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Agents Are Here to Stay

As the ability to communicate and travel improves, the agent’s role in the supply chain is often questioned.

I recently returned from what I like to call my end of the year South Asian World Tour, a three-week no holds barred, 16-flight trip across South Asia. I spent time visiting factories, local NGOs and government agencies, as well as buying houses and various suppliers in India, Bangladesh, Vietnam and Pakistan to understand from the ground what is happening in each of these markets.

One of the topics I was most curious to explore was today’s role of the sourcing company or agent in brands’ and retailers’ supply chains.

In full transparency, I have worked for both agents and factory direct manufacturing groups in the past. I understand the pros and cons and how to position the two different models against each other from a sales perspective.

In my experience, from working with large global brands to the fast fashion powerhouses and small wholesalers in New York, there is not a single supply chain model that seems to be the “perfect” solution for all companies.

The insight I am sharing in regard to sourcing companies isn’t to be viewed as pro or con any single sourcing strategy, this is just my collection of experiences and findings regarding the modern-day buying house and how they are working themselves into today’s sourcing strategy.

I think the need to replicate models without understanding the business decisions behind them is a flawed strategy in itself. It is better to understand why a company has created a certain supply chain, rather than simply trying to recreate it.

Below are a few interesting takeaways from my time overseas.

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Most of the sourcing companies I spoke with have seen an increase in inquiries and demand over the past few years. I cannot verify this data, I cannot say it represents all agencies globally, but from what I can see, agents aren’t going anywhere anytime soon.

Whether it’s more brands being represented in their offices, more manpower or opening new offices, for example, I believe there is in fact a surge of new business for many sourcing companies. The need to diversify outside of China and work in new sourcing locales has made running local offices difficult. New hubs require local staffing and market knowledge that, unless you have the proper time and money to invest, could be a significant barrier to entry.

We also need to dive into this a little closer. Europe granted Pakistan GSP+ status last year. Of course, E.U. retailers wanted to take advantage of these duty savings. As many companies do not have local offices there, agents represent the path of least resistance. And as Vietnam ramps up its local resources in preparation for and hopes of the Trans-Pacific Partnership (TPP) passing, brands are also now building relationships with agents in hopes that their supply chains are robust and in place for if and when this trade agreement passes.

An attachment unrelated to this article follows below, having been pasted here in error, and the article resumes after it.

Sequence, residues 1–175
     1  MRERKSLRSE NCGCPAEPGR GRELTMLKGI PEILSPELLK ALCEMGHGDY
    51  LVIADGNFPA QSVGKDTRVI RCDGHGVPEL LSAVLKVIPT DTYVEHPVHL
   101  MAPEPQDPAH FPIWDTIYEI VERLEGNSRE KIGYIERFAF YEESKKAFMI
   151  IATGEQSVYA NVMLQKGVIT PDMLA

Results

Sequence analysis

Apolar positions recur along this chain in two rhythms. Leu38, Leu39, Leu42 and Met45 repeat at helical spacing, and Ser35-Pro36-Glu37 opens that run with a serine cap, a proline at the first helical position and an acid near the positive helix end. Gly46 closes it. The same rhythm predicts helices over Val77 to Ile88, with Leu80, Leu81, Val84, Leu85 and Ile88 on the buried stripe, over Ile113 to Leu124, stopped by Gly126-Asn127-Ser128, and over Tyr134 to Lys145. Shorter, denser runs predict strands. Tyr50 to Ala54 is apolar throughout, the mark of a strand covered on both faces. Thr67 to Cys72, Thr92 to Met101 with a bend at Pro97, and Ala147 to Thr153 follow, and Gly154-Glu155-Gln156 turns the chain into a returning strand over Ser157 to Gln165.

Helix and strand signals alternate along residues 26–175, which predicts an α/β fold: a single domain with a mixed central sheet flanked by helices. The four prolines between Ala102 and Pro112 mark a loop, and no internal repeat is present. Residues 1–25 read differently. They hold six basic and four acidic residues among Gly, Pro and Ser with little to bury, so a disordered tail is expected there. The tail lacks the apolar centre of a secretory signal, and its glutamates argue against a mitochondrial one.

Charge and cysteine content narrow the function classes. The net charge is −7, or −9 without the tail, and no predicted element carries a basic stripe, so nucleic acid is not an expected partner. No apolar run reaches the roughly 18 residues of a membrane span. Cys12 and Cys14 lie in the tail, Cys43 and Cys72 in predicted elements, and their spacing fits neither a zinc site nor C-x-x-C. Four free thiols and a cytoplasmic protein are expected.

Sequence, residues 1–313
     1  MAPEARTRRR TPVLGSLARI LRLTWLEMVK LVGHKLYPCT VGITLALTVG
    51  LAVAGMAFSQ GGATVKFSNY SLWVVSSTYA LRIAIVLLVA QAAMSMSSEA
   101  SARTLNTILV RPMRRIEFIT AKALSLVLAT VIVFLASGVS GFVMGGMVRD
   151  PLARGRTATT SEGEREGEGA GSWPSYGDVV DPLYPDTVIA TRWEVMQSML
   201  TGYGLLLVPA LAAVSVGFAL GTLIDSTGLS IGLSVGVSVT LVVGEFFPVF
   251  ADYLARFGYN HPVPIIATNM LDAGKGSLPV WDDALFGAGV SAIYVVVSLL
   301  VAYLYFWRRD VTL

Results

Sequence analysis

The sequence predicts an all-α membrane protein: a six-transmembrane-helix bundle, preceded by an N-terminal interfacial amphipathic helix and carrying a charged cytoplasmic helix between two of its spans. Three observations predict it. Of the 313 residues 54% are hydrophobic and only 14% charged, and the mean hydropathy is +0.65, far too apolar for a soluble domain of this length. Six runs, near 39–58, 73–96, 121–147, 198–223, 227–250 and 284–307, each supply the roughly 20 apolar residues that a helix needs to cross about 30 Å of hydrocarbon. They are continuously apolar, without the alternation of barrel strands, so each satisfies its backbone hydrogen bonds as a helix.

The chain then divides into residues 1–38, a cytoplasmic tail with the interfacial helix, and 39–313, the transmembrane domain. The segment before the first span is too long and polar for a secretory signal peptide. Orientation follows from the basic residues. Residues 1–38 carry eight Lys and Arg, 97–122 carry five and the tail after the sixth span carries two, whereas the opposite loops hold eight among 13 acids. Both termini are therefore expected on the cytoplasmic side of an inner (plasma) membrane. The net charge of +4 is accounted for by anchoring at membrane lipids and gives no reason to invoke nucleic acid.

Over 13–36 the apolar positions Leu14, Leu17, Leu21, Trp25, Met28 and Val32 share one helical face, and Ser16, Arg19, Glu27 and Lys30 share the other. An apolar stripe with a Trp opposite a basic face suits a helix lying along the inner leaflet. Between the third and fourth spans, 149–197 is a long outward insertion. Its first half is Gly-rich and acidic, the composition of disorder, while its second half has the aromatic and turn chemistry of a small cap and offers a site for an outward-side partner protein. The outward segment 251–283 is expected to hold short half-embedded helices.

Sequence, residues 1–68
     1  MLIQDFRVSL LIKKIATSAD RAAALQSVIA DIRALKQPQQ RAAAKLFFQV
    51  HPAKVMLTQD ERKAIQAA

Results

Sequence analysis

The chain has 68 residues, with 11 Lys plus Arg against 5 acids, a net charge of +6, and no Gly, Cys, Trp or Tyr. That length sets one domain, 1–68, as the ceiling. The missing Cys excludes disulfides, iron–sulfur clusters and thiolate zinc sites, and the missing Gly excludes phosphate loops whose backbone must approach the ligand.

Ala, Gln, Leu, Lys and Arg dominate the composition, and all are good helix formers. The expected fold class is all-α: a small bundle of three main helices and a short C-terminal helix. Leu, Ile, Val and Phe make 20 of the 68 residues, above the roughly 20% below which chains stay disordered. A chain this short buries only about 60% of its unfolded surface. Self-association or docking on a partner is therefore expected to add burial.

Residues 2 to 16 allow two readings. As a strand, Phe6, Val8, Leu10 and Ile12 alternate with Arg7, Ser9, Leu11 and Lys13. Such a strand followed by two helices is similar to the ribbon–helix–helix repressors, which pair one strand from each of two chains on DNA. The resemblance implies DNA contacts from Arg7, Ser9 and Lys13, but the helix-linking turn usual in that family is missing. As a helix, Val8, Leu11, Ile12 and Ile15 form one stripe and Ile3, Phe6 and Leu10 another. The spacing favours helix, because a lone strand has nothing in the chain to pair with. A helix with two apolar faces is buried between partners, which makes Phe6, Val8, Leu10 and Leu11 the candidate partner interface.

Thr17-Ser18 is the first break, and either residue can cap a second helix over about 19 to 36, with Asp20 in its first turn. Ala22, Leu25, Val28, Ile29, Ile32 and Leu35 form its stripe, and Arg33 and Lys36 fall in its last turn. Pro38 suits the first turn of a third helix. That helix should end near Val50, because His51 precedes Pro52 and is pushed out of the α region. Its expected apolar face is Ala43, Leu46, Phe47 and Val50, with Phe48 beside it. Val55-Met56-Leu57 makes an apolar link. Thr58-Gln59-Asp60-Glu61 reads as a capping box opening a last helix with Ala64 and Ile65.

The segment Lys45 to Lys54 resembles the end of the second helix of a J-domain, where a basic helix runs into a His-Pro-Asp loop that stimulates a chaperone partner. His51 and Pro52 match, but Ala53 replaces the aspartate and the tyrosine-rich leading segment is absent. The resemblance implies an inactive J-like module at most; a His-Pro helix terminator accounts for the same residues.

The idea that agents are an additional expense that can be avoided by working directly also seems to be questionable. I found it very interesting that the majority of times I visited a factory and saw a fast fashion brand or large discount retailer (especially brands from the E.U.) most often they were being managed through an agent.

But if these are the largest and most successful brands in the world, with all of their infrastructure and money, why are they relying on agents to source? What are they achieving that these companies can’t do themselves? To me, the answer seems rather clear.

For starters, these brands look at the bottom line FOB price. Whether that includes a 3 to 7 percent agency fee is irrelevant. They have a price they want to pay, and whether an agent or their office can achieve it, the bottom line is it’s achieved.

They don’t look at an order being handled by a buying house and question its margins. In many cases, these companies need to leverage the large volume these sourcing companies manage in order to achieve their desired costing. Sourcing companies (at least the successful ones) have economies of scale on their side and can negotiate and persuade factories in a way very few can, especially if the sourcing company is responsible for bringing through the vast majority of a factory’s turnover.